The Southeast has the fastest-growing Latino population in the United States and at the same time carries a disproportionate HIV burden. Few efficacious HIV prevention interventions exist for either Latinos or men who have sex with men (MSM), and none exists for recently arrived, Spanish-speaking, less-acculturated Latino MSM. In response to PA-08-074 "Community Participation in Research," our community-university partnership proposes to jointly conduct a 5-year quasi-experimental study (R01) to refine, fully implement, and rigorously evaluate a lay health advisor (LHA) intervention designed to increase condom use and HIV testing among recently arrived, Spanish-speaking, less-acculturated Latino MSM who are settling in the rural Southeast. The intervention is based on social cognitive theory and theory of empowerment education and was developed using community-based participatory research (CBPR). This study is a result of a long-term community- university partnership that has used and will continue to use CBPR throughout all phases of research. A total of 20 Latino MSM in rural NC will be screened and recruited to serve as LHAs. Our partnership will select LHAs based on qualities of natural helpers and informal leaders and having existing social networks of other Latino MSM. Twelve members of each LHA's social network will be screened and recruited to participate as well. The LHAs, coupled with their social networks, will be randomized to intervention or delayed- intervention groups. LHAs (n=10) in the intervention group will be trained and serve as LHAs within their social networks in Year 2. Delayed-intervention LHAs (n=10) will receive the same LHA training and serve as LHAs within their social networks in Year 3. Quantitative assessment data will be collected from each LHA (n=20) and the 12 members of his social network (n=240) longitudinally at: (1) baseline, (2) immediate post- intervention, and (3) 12-month follow-up. This is an "intent-to-treat" study, in which participant data are analyzed based on their randomization group. We hypothesize that participants in the HIV prevention intervention, relative to those in the delayed- intervention comparison group, will demonstrate (1) increased self-reported use of condoms during sexual intercourse and (2) increased self-reported HIV testing. The results and products from this study will be disseminated to inform public health practice, research, and policy. Results and products will include: (1) a Spanish-language intervention that is: culturally relevant and gender-specific;designed to reduce HIV risk among Latino MSM;and ready for dissemination and adaptation;(2) a deeper understanding of HIV risk and intervention among Latino MSM;and (3) insight into a CBPR process that includes community members, organizational representatives, and academic researchers.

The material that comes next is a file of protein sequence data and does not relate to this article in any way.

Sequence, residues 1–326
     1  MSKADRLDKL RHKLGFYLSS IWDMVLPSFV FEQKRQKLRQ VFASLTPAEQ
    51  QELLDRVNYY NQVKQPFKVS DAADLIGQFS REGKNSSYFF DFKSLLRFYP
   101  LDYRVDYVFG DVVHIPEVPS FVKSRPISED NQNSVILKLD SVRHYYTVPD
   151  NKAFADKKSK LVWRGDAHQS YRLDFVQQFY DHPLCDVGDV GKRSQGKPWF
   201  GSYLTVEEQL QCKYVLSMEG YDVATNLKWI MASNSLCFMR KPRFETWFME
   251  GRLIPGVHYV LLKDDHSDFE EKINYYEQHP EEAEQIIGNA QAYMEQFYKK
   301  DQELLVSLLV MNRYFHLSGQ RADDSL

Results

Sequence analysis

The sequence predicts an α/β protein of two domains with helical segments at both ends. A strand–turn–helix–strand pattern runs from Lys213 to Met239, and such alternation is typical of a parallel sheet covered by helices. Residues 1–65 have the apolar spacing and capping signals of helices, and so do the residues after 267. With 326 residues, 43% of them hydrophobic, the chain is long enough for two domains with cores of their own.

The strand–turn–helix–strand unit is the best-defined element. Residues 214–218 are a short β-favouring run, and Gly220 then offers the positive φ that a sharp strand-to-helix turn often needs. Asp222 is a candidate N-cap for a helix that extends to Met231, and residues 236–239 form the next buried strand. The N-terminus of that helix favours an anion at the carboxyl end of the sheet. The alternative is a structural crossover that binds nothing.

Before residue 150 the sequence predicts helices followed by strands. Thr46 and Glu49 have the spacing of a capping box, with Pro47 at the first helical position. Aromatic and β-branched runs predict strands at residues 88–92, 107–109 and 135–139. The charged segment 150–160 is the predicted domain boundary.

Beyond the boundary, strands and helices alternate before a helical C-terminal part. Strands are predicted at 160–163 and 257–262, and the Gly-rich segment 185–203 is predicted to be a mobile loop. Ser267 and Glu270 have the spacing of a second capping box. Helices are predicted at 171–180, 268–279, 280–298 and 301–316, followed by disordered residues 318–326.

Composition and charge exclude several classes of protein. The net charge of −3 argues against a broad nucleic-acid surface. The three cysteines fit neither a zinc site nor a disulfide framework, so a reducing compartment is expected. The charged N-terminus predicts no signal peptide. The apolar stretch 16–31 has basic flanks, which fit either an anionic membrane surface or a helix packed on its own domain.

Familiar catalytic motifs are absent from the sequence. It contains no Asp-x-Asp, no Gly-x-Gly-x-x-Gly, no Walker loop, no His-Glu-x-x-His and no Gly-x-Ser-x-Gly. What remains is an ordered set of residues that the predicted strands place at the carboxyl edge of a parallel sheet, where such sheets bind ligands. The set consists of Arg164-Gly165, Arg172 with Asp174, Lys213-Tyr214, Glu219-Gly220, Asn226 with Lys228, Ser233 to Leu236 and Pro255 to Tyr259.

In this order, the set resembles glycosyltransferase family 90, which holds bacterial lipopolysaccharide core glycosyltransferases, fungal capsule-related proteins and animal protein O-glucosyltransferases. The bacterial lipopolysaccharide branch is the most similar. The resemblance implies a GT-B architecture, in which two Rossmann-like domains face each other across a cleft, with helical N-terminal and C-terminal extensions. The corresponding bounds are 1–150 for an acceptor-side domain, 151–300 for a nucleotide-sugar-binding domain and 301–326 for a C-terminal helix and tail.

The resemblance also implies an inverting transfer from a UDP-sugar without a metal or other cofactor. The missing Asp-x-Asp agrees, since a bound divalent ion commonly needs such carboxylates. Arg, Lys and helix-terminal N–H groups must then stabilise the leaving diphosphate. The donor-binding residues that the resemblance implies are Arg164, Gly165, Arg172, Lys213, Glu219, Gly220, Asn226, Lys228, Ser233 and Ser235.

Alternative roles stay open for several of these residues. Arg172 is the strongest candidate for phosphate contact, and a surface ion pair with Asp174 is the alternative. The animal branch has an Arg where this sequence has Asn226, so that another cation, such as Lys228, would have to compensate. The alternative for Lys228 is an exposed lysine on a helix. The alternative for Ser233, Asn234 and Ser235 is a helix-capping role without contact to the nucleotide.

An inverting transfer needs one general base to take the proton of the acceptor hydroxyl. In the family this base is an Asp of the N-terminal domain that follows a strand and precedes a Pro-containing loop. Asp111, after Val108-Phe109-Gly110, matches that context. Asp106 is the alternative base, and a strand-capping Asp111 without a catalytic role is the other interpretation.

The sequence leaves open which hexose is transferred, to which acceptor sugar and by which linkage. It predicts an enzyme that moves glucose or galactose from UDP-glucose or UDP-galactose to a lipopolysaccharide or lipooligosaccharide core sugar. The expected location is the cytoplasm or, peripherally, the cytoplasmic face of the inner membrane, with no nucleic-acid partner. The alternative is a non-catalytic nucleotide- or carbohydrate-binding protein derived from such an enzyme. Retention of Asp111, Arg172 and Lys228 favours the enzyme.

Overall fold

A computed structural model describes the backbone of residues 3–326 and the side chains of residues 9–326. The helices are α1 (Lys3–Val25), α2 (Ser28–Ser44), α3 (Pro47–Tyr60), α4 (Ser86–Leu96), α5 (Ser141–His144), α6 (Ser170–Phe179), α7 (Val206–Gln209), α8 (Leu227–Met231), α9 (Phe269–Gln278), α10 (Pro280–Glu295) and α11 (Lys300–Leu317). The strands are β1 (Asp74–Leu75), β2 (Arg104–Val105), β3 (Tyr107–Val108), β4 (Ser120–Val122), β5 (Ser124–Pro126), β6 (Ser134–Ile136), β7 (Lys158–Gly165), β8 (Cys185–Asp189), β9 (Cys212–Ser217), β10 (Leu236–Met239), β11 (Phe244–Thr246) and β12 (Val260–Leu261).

Public Health Relevance

Few efficacious HIV prevention interventions exist for either Latinos or men who have sex with men (MSM), and none exists for recently arrived, Spanish-speaking, less-acculturated Latino MSM. Our community-based participatory research (CBPR) partnership proposes to refine, fully implement, and rigorously evaluate the effectiveness of a culturally relevant intervention designed to reduce the disproportionate HIV burden borne by Latino MSM in the United States (US).

Agency
National Institute of Health (NIH)
Type
Research Project (R01)
Project #
5R01MH087339-05
Application #
8627206
Study Section
Behavioral and Social Science Approaches to Preventing HIV/AIDS Study Section (BSPH)
Program Officer
Pequegnat, Willo
Project Start
Project End
Budget Start
Budget End
Support Year
5
Fiscal Year
2014
Total Cost
Indirect Cost
Name
Wake Forest University Health Sciences
Department
Public Health & Prev Medicine
Type
Schools of Medicine
DUNS #
City
Winston-Salem
State
NC
Country
United States
Zip Code
27157
Rhodes, Scott D; Wong, Frank Y (2016) HIV Prevention Among Diverse Young MSM: Research Needs, Priorities, and Opportunities. AIDS Educ Prev 28:191-201
Sun, Christina J; Reboussin, Beth; Mann, Lilli et al. (2016) The HIV Risk Profiles of Latino Sexual Minorities and Transgender Persons Who Use Websites or Apps Designed for Social and Sexual Networking. Health Educ Behav 43:86-93
Alonzo, Jorge; Mann, Lilli; Simán, Florence et al. (2016) [Perspectives to improve the sexual health of sexual and gender identity minorities in Guatemala]. EHQUIDAD 5:51-70
Rhodes, Scott D; Leichliter, Jami S; Sun, Christina J et al. (2016) The HoMBReS and HoMBReS Por un Cambio Interventions to Reduce HIV Disparities Among Immigrant Hispanic/Latino Men. MMWR Suppl 65:51-6
Sun, Christina J; Ma, Alice; Tanner, Amanda E et al. (2016) Depressive Symptoms among Latino Sexual Minority Men and Latina Transgender Women in a New Settlement State: The Role of Perceived Discrimination. Depress Res Treat 2016:4972854
Rhodes, Scott D; McCoy, Thomas P (2015) Condom use among immigrant Latino sexual minorities: multilevel analysis after respondent-driven sampling. AIDS Educ Prev 27:27-43
Sun, Christina J; Mann, Lilli; Eng, Eugenia et al. (2015) Once a Navegante, Always a Navegante: Latino Men Sustain Their Roles as Lay Health Advisors to Promote General and Sexual Health to Their Social Network. AIDS Educ Prev 27:465-73
Wagoner, Kimberly G; Downs, Mario; Alonzo, Jorge et al. (2015) Latino men's qualitative perspectives on a lay health advisor intervention to promote their sexual health. Health Soc Care Community 23:304-12
Rhodes, Scott D; Alonzo, Jorge; Mann, Lilli et al. (2015) Using Photovoice, Latina Transgender Women Identify Priorities in a New Immigrant-Destination State. Int J Transgend 16:80-96
Sun, Christina J; García, Manuel; Mann, Lilli et al. (2015) Latino sexual and gender identity minorities promoting sexual health within their social networks: process evaluation findings from a lay health advisor intervention. Health Promot Pract 16:329-37

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